The Godfather kicks off Hyland's 2013 Retromania schedule

The Hyland Cinema starts off its 2013 Retromania schedule with one of the great movies, The Godfather (1972).

There may not be another movie as universally beloved that I can think of but then, whether or not gangsters intrigue you, The Godfather is an amazingly universal film. It is intriguing for a film that romanticizes the life of a crime kingpin to be so beloved, but it’s about nostalgia and stands as a classical intergenerational tragedy. It’s also quite long, but there’s never been a three-hour film that feels shorter than this one. Considering director Francis Ford Coppola’s later effort Apocalypse Now (1979) may be the longest three-hour film, in terms of how it feels to watch it, this is quite a compelling case for the entertainment value and pacing of the film.

In brief, The Godfather is the story of an ‘old school’ crime boss in his winter years trying to fend off the encroachment of drugs into his trade and a style of doing business in which he’s no longer comfortable. Vito Corleone has seen a lot of violence, but there used to be a code, and in a New York City crime boss coup d’état, the old guard unravels. Vito’s sons have to wrestle with how to steer the family along as the old man winds down and the empire is faced with a new era for which Vito wasn’t ready. Al Pacino is Michael, the youngest son, just back from the war with his innocent fiancée Kay (Diane Keaton), a school teacher, who doesn’t know how Michael’s family really got its money. Everyone is familiar with the setup even if you have never seen it all the way through, and I certainly won’t spoil how it unravels here.

In many ways the film was made at the apogee of the New Hollywood cinema of the 70s and is representative of the leeway given at the time to young directors like Coppola – surely the foremost of them all at the time – Spielberg, Scorsese, Ashby and De Palma to just name a few by studio execs like Robert Evans at Paramount. Yet this film has the feeling in its pace and breadth of an Old Hollywood studio epic, something like Giant (1956) with Rock Hudson and Elizabeth Taylor, especially with its lush colour palette. It’s odd that some of the film's digressions such as a stop in Hollywood or the segment in Sicily, which would probably have been cut right out of most major movies, actually provide some of the most famous scenes in the movie and are critical in terms of character development.

It could be said that this film was in many ways a passing of the torch as Coppola took Old Hollywood style and gave it warm sendoff. Given his next film, 1974’s The Conversation, there was no looking back. This can also be said for the actors as this series introduced a whole new generation of stars like Pacino, Keaton, Caan, Cazale and Duvall, with Robert De Niro becoming a star in the film’s sequel two years later. Still though, Coppola injects the film with veteran crime film actors like Sterling Hayden and Richard Conte, and that gives the film a rootedness in gangster movie lore.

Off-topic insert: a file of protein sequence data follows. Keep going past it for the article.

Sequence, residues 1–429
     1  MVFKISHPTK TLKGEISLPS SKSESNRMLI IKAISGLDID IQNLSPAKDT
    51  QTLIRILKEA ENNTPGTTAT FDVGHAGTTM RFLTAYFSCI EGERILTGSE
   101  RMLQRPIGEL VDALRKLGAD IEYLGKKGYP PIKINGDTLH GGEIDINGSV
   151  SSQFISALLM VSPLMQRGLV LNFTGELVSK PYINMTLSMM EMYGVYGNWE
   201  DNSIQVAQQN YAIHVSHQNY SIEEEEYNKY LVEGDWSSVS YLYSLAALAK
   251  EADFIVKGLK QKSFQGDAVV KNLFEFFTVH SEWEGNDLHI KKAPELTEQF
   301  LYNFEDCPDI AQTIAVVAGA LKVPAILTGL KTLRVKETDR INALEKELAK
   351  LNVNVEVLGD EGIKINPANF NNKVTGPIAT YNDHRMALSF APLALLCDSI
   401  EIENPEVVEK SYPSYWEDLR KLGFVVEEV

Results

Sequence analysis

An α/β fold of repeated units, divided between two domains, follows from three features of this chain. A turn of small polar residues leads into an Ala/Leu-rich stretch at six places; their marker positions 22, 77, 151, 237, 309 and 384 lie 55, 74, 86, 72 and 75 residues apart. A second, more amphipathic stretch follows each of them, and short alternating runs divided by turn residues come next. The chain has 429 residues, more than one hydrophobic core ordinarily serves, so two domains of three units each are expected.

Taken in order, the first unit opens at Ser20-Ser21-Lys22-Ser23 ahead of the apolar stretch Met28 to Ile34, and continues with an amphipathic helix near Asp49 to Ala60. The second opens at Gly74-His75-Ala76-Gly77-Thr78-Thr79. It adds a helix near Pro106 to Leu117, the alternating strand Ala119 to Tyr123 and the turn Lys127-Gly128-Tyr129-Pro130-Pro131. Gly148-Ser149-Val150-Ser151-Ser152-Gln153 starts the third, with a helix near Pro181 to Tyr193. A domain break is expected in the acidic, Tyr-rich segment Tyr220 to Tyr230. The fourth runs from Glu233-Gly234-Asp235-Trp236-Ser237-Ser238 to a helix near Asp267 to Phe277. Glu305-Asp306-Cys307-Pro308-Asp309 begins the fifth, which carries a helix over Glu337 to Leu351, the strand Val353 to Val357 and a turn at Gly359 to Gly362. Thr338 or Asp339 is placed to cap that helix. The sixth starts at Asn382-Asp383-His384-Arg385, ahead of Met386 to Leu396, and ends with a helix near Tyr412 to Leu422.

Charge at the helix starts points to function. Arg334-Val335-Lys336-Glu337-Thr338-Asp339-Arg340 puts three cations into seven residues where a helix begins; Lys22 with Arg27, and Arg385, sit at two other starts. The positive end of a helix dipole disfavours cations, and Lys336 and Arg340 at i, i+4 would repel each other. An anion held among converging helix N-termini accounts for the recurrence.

Of course there’s Marlon Brando, playing much older than he actually was at the time, in one of the all time most parodied and iconic roles as Vito Corleone. The cottonball padded cheeks do come off a bit campy at times, and Brando does ham it up, but there are genuine moments in his performance such as when Tom Hagan (Robert Duvall) tells him about the fate of Sonny (James Caan) and Vito tells Pacino’s Michael there just wasn’t enough time. Clearly Vito wanted a different life for his youngest son and the sadness at not being able to stop Michael from entering the family business in his twilight years is beautifully expressed through Brando’s ailing patriarch. I don’t know whether he really deserved another Academy Award for the performance, and it is probably true that by the time they shot this film his craft was nowhere near as polished as the up and comers like Pacino, but I’m glad Brando’s career had a second act before devolving into fat jokes.

I remember reading Mario Puzo’s novel in high school and at the time I thought it was an easy enough read, but a step down from the film. There are several fairly graphic scenes of a sexual nature that Coppola excised, and while the film has its fair share of blood, I say again there’s a romance here that isn’t found in the book. I think that’s because Coppola was saying farewell to the ‘movie gangster’ and the genre of Cagney and Edward G. Robinson that he grew up watching and therefore cagily constructed a movie around classical dramatic themes like many of the old films such as Public Enemy (1931) and Scarface (1932). So, in that sense, this really is old time moviemaking.

Really the only point of dissention when it comes to appraising The Godfather is whether The Godfather Part II (1974) is better than the original. Conventional wisdom at this point, I think, would be that it is, but I still prefer this one slightly. That may say more about my own preference for narrative and melodrama, but Part II is almost an entirely different animal with its amoral protagonist Michael Corleone and its parallel narratives where De Niro builds his empire as the young Vito and Michael watches it disintegrate into the capitalist abyss. Part II is more of an effort at being the Great American Movie writ large with its themes about immigration, big business, and politics, and it has a heck of a case for the title being among the foremost contenders. But in The Godfather, we have The Great American Gangster Movie, and the perfect execution of one of Hollywood’s longest standing genres.

Wisely, the Hyland has scheduled two screenings of it for January’s Retromania (January 25 at 9:00pm & January 28 at 9:00pm), so go see it on the big screen. There’s no fathomable reason to pass that chance up.

Paul Hantiuk is a local film enthusiast and occasional freelance writer

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